Public-access defibrillators could soon be installed on the outside of north-east council buildings after councillors agreed a new policy.
The devices, which can make all the difference between life and death for people who suffer cardiac arrest, have been singled out as the most important development in reacting to these incidents.
Now, after a lengthy consultation process with other councillors and members of the public, the police and resources committee have backed a draft policy allowing the installation of the machines on public buildings.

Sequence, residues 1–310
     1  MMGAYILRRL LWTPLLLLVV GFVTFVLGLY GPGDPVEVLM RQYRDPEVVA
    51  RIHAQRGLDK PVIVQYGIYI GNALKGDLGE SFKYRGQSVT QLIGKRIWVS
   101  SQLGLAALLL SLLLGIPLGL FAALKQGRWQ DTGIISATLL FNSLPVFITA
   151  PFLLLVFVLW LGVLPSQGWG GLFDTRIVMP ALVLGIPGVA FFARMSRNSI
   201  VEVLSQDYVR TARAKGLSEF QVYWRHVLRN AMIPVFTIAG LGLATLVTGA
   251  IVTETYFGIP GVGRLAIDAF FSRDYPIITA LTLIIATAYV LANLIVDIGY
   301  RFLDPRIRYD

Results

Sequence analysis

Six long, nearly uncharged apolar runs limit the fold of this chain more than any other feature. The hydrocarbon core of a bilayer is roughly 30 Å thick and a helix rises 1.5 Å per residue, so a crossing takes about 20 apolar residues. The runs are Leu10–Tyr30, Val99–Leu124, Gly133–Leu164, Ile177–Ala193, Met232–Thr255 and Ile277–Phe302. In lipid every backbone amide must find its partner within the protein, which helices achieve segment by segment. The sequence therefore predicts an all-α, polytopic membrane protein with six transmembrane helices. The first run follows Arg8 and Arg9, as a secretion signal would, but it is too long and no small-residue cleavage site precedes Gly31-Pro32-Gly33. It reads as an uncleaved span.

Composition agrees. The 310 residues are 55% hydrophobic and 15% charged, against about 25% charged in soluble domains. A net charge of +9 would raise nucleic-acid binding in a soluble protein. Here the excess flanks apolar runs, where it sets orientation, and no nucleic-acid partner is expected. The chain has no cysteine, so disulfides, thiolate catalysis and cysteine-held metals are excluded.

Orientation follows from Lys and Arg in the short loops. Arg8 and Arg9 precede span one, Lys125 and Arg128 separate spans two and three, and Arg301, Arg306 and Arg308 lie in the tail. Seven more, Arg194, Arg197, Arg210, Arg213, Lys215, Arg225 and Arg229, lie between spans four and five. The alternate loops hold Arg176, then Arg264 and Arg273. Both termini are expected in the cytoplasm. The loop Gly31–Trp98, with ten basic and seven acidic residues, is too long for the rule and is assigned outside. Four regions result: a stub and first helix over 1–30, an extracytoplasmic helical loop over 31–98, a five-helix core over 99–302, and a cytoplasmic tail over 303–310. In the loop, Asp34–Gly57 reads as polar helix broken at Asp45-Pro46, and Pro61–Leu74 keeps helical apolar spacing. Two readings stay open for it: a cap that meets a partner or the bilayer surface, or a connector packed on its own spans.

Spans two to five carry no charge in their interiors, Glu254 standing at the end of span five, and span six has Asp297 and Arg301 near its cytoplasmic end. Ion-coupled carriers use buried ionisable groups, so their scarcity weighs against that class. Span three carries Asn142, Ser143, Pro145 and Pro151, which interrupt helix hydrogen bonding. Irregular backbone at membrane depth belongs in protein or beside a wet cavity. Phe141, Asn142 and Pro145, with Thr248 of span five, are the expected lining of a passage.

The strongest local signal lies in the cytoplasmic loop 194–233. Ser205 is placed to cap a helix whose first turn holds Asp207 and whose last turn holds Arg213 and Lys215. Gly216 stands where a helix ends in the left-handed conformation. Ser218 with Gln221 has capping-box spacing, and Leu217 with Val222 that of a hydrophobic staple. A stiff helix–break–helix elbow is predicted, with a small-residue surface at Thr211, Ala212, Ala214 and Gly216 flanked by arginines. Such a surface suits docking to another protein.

Community groups who fund the defibrillators can apply to put them on buildings owned by the authority, ideally in central locations in communities.
Councillor Jill Webster said lives were at stake and raised concerns that applications would be turned down for listed buildings or in conservation areas.
However the council’s director of business services, Ritchie Johnson, said that any application would be considered on its merits and could be passed to local councillors for a final decision.